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Book Review: 'The Life and Teaching of Karl Marx'

MARX IN MINIATURE

'The Life and Teaching of Karl Marx', by M. Beer. National Labour Press, Ltd. 3s. 6d. net.

As an example of stern compression and yet lucid exposition of Marx's teachings, this little book deserves high praise. In 132 pages of fair-sized type there is given a sketch of the life of Marx, his development in knowledge and thought, his work in the various movements of the Working Class, his theories of history and class struggles, and his economic discoveries. In addition, a brief account of the Hegelian Philosophy, so far as it deals with the Dialectic, is placed in 19 pages of the Introduction. Marx's connection and debt to this school of philosophy is well shown.

After so clear a summary of Marx's economic theories, it is astounding to find the following statements by M. Beer on page 130:

    "Marx's theory of value explains neither the vast and unparalleled accumulation of wealth nor the movement of prices during the last sixty years. Wealth, measured in values, has, in the last few decades, increased by many times the increase in living labour power. In this connection the old formula can be reversed: wealth increases in geometrical, living labour power in arithmetical progression. The greatest difficulty in Marx is that inventors and discoverers, the chemists and physicists, the pioneers and organisers of industry and agriculture are not regarded by him as creators of surplus value. Thinkers who, by chemical researches and discoveries, double the productive capacity of the soil and conjure forth values in millions from the waste products of industry; physicists who place new sources of power and means of production at the disposal of mankind and multiply the productivity of labour; organisers who co-ordinate new methods of working—all this creative and directive work demanding, as it often does, an infinite amount of intensive intellectual effort, is not considered to have increased the total sum of exchange values of the nation."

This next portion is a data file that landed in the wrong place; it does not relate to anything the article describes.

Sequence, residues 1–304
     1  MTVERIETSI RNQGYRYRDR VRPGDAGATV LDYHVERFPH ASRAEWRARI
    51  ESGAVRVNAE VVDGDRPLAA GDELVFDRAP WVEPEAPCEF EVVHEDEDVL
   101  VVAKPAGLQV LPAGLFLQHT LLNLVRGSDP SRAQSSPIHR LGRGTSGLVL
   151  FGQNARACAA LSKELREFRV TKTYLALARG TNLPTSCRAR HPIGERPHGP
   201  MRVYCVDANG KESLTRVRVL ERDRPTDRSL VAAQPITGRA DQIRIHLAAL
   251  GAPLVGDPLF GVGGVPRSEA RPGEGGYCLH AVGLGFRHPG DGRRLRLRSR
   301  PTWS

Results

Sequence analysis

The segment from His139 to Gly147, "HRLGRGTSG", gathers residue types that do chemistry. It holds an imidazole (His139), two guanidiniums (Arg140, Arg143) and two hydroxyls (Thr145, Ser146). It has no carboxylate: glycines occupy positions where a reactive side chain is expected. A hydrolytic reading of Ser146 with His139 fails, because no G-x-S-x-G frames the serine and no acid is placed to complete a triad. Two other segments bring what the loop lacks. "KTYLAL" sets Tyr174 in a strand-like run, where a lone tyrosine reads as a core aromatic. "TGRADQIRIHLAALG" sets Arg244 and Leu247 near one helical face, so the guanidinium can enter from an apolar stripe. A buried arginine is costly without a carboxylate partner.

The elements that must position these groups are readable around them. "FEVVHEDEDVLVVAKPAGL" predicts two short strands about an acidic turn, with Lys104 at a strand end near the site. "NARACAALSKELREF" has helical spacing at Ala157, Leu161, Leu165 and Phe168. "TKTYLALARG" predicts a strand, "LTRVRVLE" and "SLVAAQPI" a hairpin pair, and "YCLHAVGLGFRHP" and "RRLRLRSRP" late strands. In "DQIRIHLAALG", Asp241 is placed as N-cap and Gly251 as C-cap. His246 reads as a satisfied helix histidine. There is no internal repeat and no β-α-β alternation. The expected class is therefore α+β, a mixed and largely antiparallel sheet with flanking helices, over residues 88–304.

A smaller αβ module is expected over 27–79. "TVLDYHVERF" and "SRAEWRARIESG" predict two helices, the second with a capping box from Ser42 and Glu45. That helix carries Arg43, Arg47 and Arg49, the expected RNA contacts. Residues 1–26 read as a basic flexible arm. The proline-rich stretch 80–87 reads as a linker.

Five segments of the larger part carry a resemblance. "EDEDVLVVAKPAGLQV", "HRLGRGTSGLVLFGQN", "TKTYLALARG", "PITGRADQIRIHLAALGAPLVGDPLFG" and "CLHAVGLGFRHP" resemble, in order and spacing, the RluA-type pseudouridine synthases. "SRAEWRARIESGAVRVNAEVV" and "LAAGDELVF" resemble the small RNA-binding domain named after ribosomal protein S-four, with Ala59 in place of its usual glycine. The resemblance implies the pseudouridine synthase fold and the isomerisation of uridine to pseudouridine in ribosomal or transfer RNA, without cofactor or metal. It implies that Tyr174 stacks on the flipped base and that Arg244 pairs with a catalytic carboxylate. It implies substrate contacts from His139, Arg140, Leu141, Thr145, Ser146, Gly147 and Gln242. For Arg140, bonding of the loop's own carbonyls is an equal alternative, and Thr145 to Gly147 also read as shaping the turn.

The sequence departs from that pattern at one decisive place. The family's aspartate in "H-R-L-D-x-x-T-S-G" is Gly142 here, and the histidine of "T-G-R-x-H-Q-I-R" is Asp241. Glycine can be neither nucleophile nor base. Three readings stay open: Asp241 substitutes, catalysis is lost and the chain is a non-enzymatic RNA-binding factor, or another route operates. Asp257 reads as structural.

How familiar, even stale, all this reads to the student of Marx. How long, for instance, is it since W. H. Mallock said very similar things and tried to  justify the Capitalists' ownership of wealth by claiming that it was due to the wonderful intellectual endowment "of the Few."

And in another respect M. Beer is like Mallock and Co.—he is unable to give any alternative explanation. Nay, more; he does not even attempt to demonstrate or prove his case—he merely states it and passes on. Fortunately, there is one author who has met the objection of M. Beer that "creative and directive work" does not count in the theory of value. This author says:

    "All combined labour on a large scale requires more or less a directing authority in order to secure the harmonious working of the individual activities, and to perform the general functions that have their origin in the action of the combined organism, as distinguished from the action of its separate organs. A single violin player is his own conductor; an orchestra requires a separate one."

Further on the same author says:

    "As co-operation extends its scale this despotism takes forms peculiar to itself. Just as at first the capitalist is relieved from actual labour as soon as his capital has reached that minimum amount with which capitalist production, as such, begins, so now he hands over the work of direct and constant supervision of the individual workman and groups of workmen to a special kind of wage labourer."

This author's name is Karl Marx, and the quotations will be found on pages 321 and 322 of "Capital" (Sonnenschein Ed.). It is the wage-labourer who provides exchange value, and, as here seen, the organisers, chemists, physicists, etc., are but "special kinds of wage-labourers."

In the matter of prices, Marx was always careful to point out that, while he assumed free and full competition among the Capitalists in working out his theory, the factor of monopoly would make an important difference. This is seen to-day where combinations or trusts exist. Here prices are fixed by what "the market will bear," though the latter will sometimes be affected by the competition of substitutes. The Standard Oil Trust has a practical monopoly of petroleum oils used in Australia; but local substitutes act to keep down the price of petroleum to a certain level. But even in these cases the difference between price and value, and the enormous profits made by many Trusts, are only explainable by Marxian laws—no other explanation fits the facts. Strange to relate, after all the shortcomings of the Marxian theory which M. Beer has discovered, he says:

    "However, as far as the distribution of products is concerned, Marx's theory is, generally speaking, correct." -Page 130.

This admission knocks out so much of his previous statement, that one wonders why either—or both—were made.

The charge of three shillings and sixpence net for a 132 pages pamphlet in paper covers is ridiculously high. In view of the usefulness of the work, the price should be reduced to bring it within the reach of the mass of the workers.

J. Fitzgerald